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Mycobacterial phosphatase PstP regulates global serine threonine phosphorylation and cell division.

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posted on 10.06.2019, 13:12 by Iswahyudi, GV Mukamolova, AA Straatman-Iwanowska, N Allcock, P Ajuh, O Turapov, HM O'Hare
Protein phosphatase PstP is conserved throughout the Actinobacteria in a genetic locus related to cell wall synthesis and cell division. In many Actinobacteria it is the sole annotated serine threonine protein phosphatase to counter the activity of multiple serine threonine protein kinases. We used transcriptional knockdown, electron microscopy and comparative phosphoproteomics to investigate the putative dual functions of PstP as a specific regulator of cell division and as a global regulator of protein phosphorylation. Comparative phosphoproteomics in the early stages of PstP depletion showed hyperphosphorylation of protein kinases and their substrates, confirming PstP as a negative regulator of kinase activity and global serine and threonine phosphorylation. Analysis of the 838 phosphorylation sites that changed significantly, suggested that PstP may regulate diverse phosphoproteins, preferentially at phosphothreonine near acidic residues, near the protein termini, and within membrane associated proteins. Increased phosphorylation of the activation loop of protein kinase B (PknB) and of the essential PknB substrate CwlM offer possible explanations for the requirement for pstP for growth and for cell wall defects when PstP was depleted.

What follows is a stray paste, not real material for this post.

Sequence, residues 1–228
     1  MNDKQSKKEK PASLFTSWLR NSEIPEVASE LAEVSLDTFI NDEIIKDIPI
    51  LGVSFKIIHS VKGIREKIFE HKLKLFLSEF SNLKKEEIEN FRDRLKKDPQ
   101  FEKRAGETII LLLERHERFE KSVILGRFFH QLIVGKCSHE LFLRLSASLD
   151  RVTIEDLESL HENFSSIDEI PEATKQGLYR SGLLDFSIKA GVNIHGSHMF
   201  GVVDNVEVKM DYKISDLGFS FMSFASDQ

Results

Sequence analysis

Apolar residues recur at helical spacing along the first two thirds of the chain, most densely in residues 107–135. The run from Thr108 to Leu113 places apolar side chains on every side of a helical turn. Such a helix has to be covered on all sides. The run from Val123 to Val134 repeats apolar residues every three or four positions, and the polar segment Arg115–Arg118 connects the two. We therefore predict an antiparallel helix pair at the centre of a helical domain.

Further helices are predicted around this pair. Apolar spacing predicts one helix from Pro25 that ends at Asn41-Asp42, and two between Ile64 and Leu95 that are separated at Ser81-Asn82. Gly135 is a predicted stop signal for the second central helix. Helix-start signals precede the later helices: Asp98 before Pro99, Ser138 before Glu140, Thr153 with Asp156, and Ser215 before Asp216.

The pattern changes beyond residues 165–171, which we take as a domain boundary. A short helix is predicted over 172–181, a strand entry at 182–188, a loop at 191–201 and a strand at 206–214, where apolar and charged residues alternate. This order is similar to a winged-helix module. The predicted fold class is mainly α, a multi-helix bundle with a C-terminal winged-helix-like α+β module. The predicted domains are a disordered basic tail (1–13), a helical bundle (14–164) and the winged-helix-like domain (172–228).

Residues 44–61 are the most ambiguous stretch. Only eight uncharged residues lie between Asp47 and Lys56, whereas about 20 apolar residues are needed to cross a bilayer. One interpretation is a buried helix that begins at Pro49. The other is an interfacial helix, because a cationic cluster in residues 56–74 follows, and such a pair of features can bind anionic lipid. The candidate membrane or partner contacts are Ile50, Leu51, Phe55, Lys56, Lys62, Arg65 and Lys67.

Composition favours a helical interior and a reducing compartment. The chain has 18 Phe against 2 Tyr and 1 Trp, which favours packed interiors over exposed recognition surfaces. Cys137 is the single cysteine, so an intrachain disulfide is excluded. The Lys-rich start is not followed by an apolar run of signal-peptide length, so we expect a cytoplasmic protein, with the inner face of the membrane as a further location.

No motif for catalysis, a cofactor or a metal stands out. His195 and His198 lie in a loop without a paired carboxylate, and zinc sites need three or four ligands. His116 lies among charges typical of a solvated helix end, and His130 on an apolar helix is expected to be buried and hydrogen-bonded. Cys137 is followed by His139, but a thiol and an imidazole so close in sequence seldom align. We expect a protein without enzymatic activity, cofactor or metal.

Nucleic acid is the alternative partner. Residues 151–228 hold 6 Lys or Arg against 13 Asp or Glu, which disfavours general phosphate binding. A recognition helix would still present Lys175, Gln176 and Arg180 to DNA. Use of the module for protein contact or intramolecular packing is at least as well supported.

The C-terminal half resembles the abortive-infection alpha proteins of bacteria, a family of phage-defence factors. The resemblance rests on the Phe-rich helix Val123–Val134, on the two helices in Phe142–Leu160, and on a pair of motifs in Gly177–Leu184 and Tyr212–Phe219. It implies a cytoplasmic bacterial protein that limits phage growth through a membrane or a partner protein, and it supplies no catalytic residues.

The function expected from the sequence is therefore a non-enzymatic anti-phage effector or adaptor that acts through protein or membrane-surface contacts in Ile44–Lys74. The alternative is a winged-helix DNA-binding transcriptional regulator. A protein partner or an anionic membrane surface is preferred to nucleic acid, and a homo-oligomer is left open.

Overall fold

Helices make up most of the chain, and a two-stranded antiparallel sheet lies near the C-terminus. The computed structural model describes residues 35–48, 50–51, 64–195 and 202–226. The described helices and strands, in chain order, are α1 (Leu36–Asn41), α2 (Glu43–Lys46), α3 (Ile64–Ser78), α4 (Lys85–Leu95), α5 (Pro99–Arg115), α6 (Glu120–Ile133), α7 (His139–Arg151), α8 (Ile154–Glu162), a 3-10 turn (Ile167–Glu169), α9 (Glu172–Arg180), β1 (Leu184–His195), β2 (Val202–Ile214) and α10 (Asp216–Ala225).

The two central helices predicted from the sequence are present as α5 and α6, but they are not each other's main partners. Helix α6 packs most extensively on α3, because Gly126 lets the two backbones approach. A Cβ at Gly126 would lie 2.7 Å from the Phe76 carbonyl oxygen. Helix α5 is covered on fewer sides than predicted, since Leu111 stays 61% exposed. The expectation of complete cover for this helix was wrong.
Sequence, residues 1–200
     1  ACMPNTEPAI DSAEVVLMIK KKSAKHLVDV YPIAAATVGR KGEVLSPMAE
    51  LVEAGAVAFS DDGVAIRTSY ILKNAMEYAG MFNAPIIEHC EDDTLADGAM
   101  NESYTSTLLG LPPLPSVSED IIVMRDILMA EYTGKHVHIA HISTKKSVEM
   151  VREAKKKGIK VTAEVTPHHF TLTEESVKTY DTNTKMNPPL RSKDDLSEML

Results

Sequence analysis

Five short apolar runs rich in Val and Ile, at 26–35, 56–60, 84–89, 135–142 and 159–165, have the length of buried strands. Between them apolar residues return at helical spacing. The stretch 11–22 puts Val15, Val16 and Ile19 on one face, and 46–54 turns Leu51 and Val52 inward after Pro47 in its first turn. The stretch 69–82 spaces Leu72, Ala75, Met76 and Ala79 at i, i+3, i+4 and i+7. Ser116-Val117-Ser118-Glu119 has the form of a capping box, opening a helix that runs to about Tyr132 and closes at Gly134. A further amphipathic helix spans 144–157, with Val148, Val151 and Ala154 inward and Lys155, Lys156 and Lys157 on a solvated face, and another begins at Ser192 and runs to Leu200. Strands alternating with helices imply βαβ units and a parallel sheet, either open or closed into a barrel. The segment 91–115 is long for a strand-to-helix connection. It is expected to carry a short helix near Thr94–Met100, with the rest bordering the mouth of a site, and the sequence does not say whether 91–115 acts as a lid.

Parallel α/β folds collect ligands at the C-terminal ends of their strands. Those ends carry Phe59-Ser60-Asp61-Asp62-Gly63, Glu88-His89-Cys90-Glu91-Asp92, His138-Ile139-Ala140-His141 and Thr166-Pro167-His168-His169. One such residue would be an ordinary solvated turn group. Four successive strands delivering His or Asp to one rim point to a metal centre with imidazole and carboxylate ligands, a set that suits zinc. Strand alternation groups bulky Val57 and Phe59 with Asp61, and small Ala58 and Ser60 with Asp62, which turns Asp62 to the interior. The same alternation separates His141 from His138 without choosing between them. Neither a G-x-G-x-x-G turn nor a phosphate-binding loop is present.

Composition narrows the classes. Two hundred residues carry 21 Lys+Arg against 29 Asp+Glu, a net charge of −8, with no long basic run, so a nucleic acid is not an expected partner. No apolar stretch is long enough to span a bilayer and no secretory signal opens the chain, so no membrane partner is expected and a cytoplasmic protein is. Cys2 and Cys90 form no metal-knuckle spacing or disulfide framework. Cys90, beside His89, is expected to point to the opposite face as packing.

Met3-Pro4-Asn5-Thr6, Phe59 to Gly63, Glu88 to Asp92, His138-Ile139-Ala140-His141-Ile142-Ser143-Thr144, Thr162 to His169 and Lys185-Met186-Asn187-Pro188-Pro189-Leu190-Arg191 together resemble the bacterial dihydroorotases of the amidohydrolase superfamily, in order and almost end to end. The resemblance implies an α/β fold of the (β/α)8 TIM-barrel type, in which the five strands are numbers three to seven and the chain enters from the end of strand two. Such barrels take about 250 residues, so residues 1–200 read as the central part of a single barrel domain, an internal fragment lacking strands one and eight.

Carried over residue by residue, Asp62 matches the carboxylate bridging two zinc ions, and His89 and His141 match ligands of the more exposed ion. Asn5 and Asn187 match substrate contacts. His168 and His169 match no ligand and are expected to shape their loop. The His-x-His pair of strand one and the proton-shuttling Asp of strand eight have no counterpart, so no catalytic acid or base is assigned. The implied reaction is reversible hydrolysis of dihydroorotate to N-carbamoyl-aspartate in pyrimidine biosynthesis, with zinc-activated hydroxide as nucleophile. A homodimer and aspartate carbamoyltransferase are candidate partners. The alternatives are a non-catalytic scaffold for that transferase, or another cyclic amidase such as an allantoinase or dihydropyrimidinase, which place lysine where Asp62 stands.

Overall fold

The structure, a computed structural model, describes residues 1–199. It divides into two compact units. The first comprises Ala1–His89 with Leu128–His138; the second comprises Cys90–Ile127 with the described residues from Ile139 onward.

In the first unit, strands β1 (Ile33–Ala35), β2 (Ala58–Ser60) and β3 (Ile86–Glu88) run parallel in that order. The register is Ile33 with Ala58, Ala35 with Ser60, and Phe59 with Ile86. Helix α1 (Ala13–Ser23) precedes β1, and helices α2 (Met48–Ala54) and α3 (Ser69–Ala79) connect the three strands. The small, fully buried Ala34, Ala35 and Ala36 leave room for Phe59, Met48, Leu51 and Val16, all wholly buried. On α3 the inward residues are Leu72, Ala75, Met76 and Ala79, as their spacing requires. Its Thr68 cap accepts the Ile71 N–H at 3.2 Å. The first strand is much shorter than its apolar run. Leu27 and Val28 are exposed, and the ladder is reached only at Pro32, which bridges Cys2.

Funding

Funding was provided by the BBSRC (BB/P001513/1) and the Indonesian Ministry of Education and Culture Direktorat Jenderal Pendidikan Tinggi (DIKTI). We would like to thank the University of Leicester Core Biotechnology Services Electron Microscopy Facility and Dr Maria Viskaduraki, Bioinformatics and Biostatistics Hub, for advice and suggestions on this work.

History

Citation

Scientific Reports, 2019, 9, Article number: 8337

Author affiliation

/Organisation/COLLEGE OF LIFE SCIENCES/School of Medicine/Department of Infection, Immunity and Inflammation

Version

VoR (Version of Record)

Published in

Scientific Reports

Publisher

Nature Research (part of Springer Nature)

eissn

2045-2322

Acceptance date

24/05/2019

Copyright date

2019

Available date

10/06/2019

Publisher version

https://www.nature.com/articles/s41598-019-44841-9

Notes

The datasets generated during the current study are available in PRIDE, accession number: PXD011805. https://www.ebi.ac.uk/pride/archive/login.

Language

en

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